Along with that, Mr Subba also put forward challenges associated with MSME and proposed some critical solution. According to Mr Subba, policy formulation needs to be the immediate step after need assessment/gap identification. Supports in the form of 'collateral free loan', 'value chain support', and 'Fintech-digitization' could be some of strategies to improve financial inclusion in the country.

      In the later part, Mr Subba presented the status of SME/ MSME in the country. He specified that SME/MSME constituted 90 percent of the total industrial Gross Domestic Product, 80 percent of industrial employment, 70 percent of total national export, 25 percent GDP contribution was from SME. While this being the contribution from SME/ MSME, they were still facing challenges. He shared that 95 percent of the SME faced credit constraints, 70 percent did not use any formal credit, 15 percent of them disappeared in two years and 40 percent exited the market in 4-5 years.

      He shared that in order to resolve the issues, National Banking Institute (NBI) had launched an application to enhance financial literacy digitally. He added that the app 'NBI Nepal' was available in android version as the target audience is middle- class population who are android users in Nepal. App has features such as loan and savings calculator, FAQs, videos of success stories, songs and power point slides.

     Session five was followed with question and answer discussion. There were queries raised by the participants on lack of access to finance as a result of which people had to resort to multiple borrowing routes/ channels. Participants voiced out their concerns that banks needed to have positive attitude in providing loans to youths without the need for collaterals which would showcase risk taking attitude among banks as well.

    Mr Keshav Acharya responded to the query mentioning that access to financial resources was not a constraint as data suggested that the biggest source of lending for MFI is borrowing from commercial banks. He highlighted that the major issue was about cost. In rural areas, people or borrowers do not like formalities and hence refrained from going to banks. In case of micro finance, it is not the case as women group together and MFIs help them by filling out documents. Microfinance in Dhading have started mobile banking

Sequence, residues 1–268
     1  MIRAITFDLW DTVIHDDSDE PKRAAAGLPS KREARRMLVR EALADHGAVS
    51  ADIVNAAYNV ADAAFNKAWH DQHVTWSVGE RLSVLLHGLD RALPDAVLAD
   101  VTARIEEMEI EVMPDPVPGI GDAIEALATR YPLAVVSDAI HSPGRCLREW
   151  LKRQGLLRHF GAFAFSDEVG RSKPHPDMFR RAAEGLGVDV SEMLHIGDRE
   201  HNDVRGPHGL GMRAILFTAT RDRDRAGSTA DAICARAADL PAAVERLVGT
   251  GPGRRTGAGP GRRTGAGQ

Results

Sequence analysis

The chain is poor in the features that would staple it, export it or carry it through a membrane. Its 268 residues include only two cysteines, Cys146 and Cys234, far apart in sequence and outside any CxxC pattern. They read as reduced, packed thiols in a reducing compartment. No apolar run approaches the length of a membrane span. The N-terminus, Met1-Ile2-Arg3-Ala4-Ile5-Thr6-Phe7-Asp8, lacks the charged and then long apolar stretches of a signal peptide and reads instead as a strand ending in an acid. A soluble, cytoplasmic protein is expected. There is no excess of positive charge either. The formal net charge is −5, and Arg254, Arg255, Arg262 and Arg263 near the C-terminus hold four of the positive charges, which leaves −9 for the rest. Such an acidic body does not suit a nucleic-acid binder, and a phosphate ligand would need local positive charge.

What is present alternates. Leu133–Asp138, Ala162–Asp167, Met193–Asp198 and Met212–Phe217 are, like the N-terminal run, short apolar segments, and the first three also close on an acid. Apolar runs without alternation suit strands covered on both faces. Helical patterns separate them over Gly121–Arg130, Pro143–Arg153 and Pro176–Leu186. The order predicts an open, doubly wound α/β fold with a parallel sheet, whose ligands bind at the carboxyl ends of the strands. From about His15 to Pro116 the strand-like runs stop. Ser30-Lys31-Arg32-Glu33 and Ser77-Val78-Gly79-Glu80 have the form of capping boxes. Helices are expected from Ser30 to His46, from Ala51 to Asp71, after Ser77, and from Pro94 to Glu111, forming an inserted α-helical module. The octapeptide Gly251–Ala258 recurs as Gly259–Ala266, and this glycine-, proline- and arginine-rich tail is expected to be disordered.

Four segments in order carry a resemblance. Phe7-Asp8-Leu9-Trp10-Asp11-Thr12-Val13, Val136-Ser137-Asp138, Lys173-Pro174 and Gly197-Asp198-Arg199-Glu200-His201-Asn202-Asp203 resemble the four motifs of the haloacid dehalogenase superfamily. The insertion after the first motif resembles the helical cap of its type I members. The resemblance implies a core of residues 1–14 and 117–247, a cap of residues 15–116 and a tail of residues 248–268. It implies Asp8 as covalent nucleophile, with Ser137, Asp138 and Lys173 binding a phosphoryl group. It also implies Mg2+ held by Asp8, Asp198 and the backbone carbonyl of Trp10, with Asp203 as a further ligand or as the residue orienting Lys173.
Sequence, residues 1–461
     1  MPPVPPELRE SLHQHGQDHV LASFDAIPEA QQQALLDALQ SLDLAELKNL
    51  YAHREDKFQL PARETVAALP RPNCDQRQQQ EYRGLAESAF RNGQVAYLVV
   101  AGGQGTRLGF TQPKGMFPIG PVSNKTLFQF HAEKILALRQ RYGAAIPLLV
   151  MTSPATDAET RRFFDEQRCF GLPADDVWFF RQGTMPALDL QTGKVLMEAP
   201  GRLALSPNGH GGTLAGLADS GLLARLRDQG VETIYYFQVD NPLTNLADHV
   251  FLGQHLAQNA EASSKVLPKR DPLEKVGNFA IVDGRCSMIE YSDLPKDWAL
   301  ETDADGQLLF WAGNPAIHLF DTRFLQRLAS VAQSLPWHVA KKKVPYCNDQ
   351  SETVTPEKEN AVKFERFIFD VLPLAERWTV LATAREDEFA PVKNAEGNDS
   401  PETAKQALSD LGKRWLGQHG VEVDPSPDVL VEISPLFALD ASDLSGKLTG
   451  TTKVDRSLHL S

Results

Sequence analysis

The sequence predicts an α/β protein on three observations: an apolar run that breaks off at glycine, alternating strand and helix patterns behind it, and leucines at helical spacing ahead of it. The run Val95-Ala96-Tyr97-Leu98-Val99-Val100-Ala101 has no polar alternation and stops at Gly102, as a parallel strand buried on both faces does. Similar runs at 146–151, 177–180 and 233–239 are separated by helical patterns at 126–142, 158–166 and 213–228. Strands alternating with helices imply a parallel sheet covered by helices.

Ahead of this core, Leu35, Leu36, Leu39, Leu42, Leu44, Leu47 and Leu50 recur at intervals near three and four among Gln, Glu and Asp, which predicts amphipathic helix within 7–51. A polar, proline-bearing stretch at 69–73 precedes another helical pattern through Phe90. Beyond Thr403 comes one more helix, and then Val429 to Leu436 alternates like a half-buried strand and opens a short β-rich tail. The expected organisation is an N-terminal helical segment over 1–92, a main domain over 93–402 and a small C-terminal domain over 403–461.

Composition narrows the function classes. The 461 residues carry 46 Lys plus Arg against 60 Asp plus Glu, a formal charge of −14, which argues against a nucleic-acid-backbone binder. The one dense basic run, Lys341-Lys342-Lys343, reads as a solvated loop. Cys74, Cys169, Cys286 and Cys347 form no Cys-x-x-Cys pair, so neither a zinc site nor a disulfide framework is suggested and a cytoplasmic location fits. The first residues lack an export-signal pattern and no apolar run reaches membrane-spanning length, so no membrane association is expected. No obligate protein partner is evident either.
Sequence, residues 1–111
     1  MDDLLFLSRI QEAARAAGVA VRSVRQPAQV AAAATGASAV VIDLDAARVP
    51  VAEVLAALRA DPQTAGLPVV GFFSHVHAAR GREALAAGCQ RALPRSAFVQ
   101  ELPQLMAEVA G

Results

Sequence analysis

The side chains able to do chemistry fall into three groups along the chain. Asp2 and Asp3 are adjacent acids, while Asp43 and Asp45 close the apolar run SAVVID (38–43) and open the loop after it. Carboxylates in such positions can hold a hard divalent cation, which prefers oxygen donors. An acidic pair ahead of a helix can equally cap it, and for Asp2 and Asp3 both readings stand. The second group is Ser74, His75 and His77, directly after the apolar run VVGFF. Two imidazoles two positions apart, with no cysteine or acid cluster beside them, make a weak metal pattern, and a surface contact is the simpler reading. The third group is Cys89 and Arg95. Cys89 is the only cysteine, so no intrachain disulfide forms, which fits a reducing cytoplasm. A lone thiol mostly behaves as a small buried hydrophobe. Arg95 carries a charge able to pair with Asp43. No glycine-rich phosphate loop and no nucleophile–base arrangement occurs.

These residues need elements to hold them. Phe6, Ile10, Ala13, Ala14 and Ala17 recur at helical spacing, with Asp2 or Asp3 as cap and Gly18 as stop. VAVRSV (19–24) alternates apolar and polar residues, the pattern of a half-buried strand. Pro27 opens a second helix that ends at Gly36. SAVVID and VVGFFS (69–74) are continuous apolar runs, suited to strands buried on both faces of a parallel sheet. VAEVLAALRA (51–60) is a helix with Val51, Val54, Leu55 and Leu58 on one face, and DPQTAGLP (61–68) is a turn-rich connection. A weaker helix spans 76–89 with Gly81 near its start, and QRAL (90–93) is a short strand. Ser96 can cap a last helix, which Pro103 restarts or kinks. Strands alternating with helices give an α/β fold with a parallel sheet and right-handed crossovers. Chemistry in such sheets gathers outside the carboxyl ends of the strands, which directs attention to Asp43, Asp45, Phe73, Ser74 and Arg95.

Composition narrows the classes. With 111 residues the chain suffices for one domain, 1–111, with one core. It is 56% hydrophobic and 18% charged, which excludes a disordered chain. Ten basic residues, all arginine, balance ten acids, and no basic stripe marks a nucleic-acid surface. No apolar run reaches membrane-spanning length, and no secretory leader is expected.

Mr Deependra Bahadur Chhetri, Former Vice Chairperson, National Planning Commission and Former Governor of Central Bank concluded the key discussions by sharing that that access to one village from other was difficult due to undiluted landscape of our country. He highlighted therefore if BFIs went for branchless banking, it would reduce cost tremendously. He shared that some of them have been able to reduce cost but not attractively. He added that since 1994, Nepal started linking self-help groups with banking and had some funding too. He clarified they get some banking tools, accounting practices it would be helpful to rural people.

    With this, session five came to end and the panelists and moderator were presented 'Token of Love' as the symbol of gratitude by the officials of SEBON. The official session came to an end with closing remarks by Mr Shigeto Hiki, Head of Special Projects and Outreach Unit, OECD.

    Mr Niraj Giri, Executive Director, SEBON presented his vote of thanks by thanking OECD for giving SEBON the opportunity to host the august gathering. He expressed that SEBON was encouraged to further host such international event of national importance in order to enhance Nepal's exposure to the international arena. Mr Giri shared that financial literacy had become more challenging with the increased use of artificial intelligence and Fintech across the globe. He opined that the two-day conference had been true learning and experience sharing occasion for Nepal. Mr Giri also believed that this conference has provided Nepal the opportunity to understand contemporary issues, prevailing practices, suitability of tools being employed, adequacy of the approaches that were being followed besides providing insights into the objectives and strategies that were required to build resilient, stable and credible financial system. Mr Giri believed that this conference had been an excellent platform to build international, regional networks of regulators and financial educators.

    Mr Giri thanked all the session chairs and panelists for their enriching presentations and sharing their knowledge for making conference meaningful. Further, Mr Giri took time to thank all the international and national participants for taking time out of their busy schedules to be part of the conference. Mr Giri promised to come up with the conference publications and share with all the participants and relevant stakeholders. He expressed his special thanks to Dr Adele Atkinson and Mr Miles Larbey for their guidance and help to SEBON team in planning and organizing the event.

    Lastly, Mr Giri thanked Ms. Paloma Cupello and key members of programme organising committee of SEBON for their untiring efforts in making the programme a success.